Our dining table needed to be refinished BAD! The topcoat was worn-out, dull and sticky and had a lot of stick figures and names carved into the wood.
I don’t have a good ‘before’ picture but this will give you an idea:
The legs were black and no matter how much I cleaned them I felt like they always had permanent white milk splatters.
Here’s a picture after I had disassembled the whole table, sanded, stained the top and re-assembled:
After taping and painting one coat on the legs:
We had 2 Ikea barstools on each end that never matched so I sold those and decided to make ones that would go with the table.
I found the perfect plans on ana-white.com called “Vintage Barstools” and altered the height and overall footprint.
My stools are considerably smaller than her plans and I couldn’t fit my drill and the large Kreg-Jig bit inside and was glad I had a right-angle attachment for my drill.
These little corner decorations were a huge pain to cut out but all the work was work it (in the end). I didn’t want to do a pocket hole on each edge so I just did one side…
…then hammered a nail to hold the other side. They are glued as well so they won’t be going anywhere.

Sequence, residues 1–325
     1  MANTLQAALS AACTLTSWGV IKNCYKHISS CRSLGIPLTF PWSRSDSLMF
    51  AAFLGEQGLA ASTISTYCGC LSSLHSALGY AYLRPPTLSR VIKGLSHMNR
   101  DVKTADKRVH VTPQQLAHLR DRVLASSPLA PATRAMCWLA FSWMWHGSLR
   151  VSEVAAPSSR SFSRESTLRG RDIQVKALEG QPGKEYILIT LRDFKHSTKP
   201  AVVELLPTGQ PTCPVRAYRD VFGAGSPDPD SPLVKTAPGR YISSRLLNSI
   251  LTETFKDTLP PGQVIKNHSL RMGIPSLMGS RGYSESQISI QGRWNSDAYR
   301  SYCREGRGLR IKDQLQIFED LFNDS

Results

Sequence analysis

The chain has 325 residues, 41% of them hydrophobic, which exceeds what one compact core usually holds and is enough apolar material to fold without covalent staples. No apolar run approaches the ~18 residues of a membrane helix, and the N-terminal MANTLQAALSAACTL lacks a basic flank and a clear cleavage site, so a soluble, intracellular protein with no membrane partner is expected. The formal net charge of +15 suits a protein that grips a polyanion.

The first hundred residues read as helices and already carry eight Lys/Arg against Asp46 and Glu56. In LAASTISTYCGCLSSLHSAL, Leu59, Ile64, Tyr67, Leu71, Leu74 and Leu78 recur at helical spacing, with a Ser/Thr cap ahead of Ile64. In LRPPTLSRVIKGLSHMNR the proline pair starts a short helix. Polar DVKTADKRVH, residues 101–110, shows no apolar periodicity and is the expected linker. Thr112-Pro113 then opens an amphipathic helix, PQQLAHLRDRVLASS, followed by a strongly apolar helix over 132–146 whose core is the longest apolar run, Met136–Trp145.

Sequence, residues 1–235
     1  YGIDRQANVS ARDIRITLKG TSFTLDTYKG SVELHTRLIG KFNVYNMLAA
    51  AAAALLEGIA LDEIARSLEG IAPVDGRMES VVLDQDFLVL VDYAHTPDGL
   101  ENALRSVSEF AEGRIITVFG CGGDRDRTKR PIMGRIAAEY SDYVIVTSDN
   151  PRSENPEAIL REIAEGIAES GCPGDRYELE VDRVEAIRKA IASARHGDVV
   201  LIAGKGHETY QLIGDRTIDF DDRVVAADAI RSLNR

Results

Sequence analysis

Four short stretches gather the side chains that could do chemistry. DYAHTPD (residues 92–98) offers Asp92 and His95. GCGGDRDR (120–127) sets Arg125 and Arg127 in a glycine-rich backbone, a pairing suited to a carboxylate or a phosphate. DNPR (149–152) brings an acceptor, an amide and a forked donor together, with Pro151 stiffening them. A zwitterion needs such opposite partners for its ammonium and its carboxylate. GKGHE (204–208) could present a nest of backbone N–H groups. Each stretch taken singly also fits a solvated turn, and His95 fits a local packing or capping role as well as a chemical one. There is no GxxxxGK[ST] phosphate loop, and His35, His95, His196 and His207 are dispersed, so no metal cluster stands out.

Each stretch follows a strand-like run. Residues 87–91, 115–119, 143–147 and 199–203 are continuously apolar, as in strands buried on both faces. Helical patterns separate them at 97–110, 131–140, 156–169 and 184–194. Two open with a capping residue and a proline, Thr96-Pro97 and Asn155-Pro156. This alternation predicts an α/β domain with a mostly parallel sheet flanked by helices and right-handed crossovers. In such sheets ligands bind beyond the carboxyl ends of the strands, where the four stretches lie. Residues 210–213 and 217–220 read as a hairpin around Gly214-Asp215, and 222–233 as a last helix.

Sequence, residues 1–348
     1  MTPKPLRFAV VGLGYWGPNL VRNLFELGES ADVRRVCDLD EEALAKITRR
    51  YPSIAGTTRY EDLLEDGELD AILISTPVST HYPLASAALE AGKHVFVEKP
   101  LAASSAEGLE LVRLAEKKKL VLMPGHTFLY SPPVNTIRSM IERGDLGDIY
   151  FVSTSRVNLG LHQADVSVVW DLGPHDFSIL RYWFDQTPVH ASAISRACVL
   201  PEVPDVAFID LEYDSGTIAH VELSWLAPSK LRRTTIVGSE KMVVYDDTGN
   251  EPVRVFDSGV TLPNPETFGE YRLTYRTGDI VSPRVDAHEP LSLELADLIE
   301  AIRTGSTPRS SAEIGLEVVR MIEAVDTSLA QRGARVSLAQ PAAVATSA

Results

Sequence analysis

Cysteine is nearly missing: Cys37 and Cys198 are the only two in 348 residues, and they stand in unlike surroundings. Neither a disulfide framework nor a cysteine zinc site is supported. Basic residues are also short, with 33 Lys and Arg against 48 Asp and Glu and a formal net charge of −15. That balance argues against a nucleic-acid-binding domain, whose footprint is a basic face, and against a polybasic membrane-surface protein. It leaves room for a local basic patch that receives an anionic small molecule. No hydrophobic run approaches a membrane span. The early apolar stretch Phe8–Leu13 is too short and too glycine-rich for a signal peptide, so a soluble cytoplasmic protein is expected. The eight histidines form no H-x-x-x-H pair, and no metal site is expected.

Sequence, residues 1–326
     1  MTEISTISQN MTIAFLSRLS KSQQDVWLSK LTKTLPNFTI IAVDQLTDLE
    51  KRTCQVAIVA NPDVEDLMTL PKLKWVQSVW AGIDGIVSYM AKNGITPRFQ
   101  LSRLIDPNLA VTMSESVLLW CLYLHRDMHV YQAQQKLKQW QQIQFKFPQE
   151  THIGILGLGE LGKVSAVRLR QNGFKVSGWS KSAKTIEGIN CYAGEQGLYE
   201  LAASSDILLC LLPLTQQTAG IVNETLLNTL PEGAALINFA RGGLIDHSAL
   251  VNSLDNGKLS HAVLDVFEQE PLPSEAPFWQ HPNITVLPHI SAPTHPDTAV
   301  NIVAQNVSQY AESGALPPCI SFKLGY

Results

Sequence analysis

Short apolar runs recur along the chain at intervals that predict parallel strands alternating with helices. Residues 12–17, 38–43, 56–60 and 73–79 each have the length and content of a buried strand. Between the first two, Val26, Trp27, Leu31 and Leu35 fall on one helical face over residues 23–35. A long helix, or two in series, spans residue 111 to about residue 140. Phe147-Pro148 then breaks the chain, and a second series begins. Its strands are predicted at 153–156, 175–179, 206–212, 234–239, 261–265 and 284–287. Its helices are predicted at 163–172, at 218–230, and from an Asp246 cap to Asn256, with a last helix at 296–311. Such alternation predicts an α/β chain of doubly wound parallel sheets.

TIP: If you’re a first time pocket-holer you should know that you MUST clamp your pieces while you screw them together because they pull apart and/or shift and won’t line up once your screw is in.
I put a light marking on my seat boards where the underside rail was so I knew where to put my nails.
I like the look of having the nails showing – it’s more rustic looking!
I love the look of the pocket holes after they’re plugged, particularly if staining because they are more obvious (is that werid?) TIP: Make sure to butter your hole and the plug with glue, let dry and you can use a sharp chisel to trim it flush to the surface (or you can sand with 80 grit paper).
Here’s what the back looks like all plugged up. I also did the holes on the leg stretchers but didn’t worry about the underside of the seat.
Here’s how the stools turned out after lots of sanding, painting and clear coats.
Here’s what everything looks like together. I wasn’t sure if the original black stools would look okay but I actually like the contrast.
These are the finishes I used.
Just after I finished my table a friend asked if I could help her with hers:
We took her table outside and sanded many hours together to get the top down to bare wood. For the legs we only roughed them up with sandpaper to remove the glossy finish.
We used the same products I used on my table and it turned out so awesome, don’t you think!?